The 15th anniversary of Bonnaroo takes place this weekend. In other words, Manchester, TN, will be crawling with friendly drug users, musicians, and highway traffic. This last one is a given even if the rumors about Uber offering helicopter rides directly to the festival grounds are true. That’s what a lineup filled with surprises and musical highlights will do. For the roughly 80,000 attendants arriving on wheels (or, god forbid, feet), take the traveling time as an opportunity to check out some of the emerging groups playing this year.
Whether known for breaking new musical ground or for putting on a really good live show, these offbeat artists will provide first-rate excuses for skipping the massive sets for smaller tents. Besides, there are fewer people, shade, phone-charging stations, free e-cigs, and a table fan weakly blowing in the corner. What more could you need?
Saturday, 3:30 p.m., That Tent
Natalie Prass delivers pristine, modern Motown and orchestral pop done through a voice with the pureness and precision of a hummingbird’s beak. The Richmond, VA, native deftly demonstrates this in every live performance of her lasting tune, “Bird of Prey”, from her 2015 self-titled debut. After years of songwriting and touring in Jenny Lewis’ backing band, Prass has honed her chops as a multi-instrumentalist, giving her the aptitude to do skillful live covers of everything from Slayer’s “Raining Blood” to Janet Jackson’s “Any Time, Any Place”.
Friday, 4:45 p.m., What Stage
Their debut LP, Our Own House, just came out in February, but New York City indie pop band MisterWives have managed to churn up some buzz with their unusual synth-folk sound. Think Edward Sharpe’s bucolic rock given the No Doubt treatment, and you’re getting warmer. The booming toms and Mandy Lee’s celestial voice on “Reflections” sound like they were specifically created for blasting through a loudspeaker across festival grounds, like a leader on a horse sounding a dinner invitation to thousands of people.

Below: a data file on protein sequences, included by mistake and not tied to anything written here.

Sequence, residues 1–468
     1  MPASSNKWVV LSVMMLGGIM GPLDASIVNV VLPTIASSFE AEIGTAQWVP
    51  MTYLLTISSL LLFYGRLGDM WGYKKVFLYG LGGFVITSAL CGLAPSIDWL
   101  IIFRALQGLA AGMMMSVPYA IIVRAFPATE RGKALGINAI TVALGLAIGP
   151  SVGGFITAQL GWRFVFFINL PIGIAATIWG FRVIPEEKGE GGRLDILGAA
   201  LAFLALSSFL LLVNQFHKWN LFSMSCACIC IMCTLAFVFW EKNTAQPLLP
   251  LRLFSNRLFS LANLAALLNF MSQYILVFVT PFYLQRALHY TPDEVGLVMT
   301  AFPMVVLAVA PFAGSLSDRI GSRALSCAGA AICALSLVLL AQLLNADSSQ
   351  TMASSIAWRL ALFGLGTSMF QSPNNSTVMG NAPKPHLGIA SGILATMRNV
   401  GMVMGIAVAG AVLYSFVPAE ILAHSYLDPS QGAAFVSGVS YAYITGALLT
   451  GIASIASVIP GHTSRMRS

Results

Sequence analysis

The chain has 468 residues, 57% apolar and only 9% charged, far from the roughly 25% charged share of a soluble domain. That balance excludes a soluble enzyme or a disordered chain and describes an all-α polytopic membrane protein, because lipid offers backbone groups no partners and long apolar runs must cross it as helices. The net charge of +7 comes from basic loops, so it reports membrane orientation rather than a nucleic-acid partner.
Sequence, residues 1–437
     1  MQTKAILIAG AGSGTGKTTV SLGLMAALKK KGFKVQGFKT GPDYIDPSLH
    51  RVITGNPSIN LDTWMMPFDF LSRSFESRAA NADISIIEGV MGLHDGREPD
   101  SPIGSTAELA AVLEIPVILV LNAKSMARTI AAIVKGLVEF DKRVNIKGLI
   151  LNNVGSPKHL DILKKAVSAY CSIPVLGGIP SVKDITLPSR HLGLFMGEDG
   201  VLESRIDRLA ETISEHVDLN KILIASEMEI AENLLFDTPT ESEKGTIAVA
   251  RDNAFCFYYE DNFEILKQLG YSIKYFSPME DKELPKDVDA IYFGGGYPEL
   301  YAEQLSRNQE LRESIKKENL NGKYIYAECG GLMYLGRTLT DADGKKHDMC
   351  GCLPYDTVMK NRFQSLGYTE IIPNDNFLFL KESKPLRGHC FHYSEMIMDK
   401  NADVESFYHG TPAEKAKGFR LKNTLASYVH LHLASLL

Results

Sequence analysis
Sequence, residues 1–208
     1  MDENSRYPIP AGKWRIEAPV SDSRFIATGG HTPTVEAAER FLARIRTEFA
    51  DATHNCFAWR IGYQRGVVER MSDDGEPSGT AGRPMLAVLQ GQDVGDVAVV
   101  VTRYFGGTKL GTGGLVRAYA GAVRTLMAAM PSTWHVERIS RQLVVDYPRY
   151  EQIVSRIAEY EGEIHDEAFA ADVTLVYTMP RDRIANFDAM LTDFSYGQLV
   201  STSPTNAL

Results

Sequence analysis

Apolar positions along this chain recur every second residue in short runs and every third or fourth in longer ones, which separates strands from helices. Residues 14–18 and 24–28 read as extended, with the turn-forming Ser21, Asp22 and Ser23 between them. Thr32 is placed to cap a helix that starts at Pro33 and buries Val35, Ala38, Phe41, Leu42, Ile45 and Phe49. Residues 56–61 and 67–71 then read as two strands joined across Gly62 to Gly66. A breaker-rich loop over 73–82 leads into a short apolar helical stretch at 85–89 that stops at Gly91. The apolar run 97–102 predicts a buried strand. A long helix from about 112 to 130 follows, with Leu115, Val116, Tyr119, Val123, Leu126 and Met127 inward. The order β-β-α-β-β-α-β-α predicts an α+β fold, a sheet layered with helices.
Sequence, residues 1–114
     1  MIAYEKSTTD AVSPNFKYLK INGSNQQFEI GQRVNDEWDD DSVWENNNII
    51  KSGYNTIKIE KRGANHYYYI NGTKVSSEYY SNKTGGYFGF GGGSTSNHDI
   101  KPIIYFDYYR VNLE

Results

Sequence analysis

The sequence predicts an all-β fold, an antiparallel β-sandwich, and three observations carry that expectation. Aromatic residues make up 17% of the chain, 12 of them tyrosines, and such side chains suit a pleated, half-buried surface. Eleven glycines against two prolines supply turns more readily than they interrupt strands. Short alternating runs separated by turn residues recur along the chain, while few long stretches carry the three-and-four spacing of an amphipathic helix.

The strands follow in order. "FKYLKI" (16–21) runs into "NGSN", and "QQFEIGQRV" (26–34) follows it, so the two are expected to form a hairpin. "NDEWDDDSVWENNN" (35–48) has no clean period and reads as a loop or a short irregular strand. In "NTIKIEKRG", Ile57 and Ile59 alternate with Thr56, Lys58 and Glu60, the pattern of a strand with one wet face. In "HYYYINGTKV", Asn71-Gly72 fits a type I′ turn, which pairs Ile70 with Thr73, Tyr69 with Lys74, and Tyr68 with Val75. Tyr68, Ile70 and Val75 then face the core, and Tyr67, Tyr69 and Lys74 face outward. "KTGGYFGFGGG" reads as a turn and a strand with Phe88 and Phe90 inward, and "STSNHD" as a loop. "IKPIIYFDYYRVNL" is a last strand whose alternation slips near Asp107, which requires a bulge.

Friday, 1:30 a.m., That Tent
Sink into the late-night groove with Jimmy Vallance and Tom Howie, the frosty house duo known as Bob Moses, whose extremely mellow, electronic post-club grooves oscillate with soulful singer-songwriter melodies. The group’s Brooklyn-via-Vancouver influence can be heard on “Too Much Is Never Enough”, which should make for sinking into a cool pool of a deep house comedown, but the flourishing club feel of “Grace” or “I Ain’t Gonna Be the First to Cry” is quintessential come-up music for those on opposite timelines.
Sunday, 5:30 p.m., Who Stage
This Brooklyn trio make their astral guitar tunes sound like a cakewalk or a carousel or pink clouds parting to reveal a doobie beaming down from a rainbow. That is the gift of Sunflower Bean. Their youthfulness permeates Human Ceremony, their 2016 debut LP, marked by a transformation from three teenagers playing indie rock into a pseudo-psychedelic new wave jam band doing three-minute pop songs.
Thursday, 2:00 p.m., New Music On Tap Lounge
In less innovative hands, the jamming together of synth shadows, electronic beats, and bluegrass songwriting could come off sounding like a One Republic hoedown in the canned goods aisle at Kroger. But done to singer/songwriter/guitarist Dillon Hodges’ taste, the result is his weird indie-folk project, Firekid. Rather than writing cliche lyrics about high school prom and tailgating, he offers a story about a childhood trip to Magic Mountain. Instead of wresting stomps and boot scuffs, Hodges’ music gets you into the groove.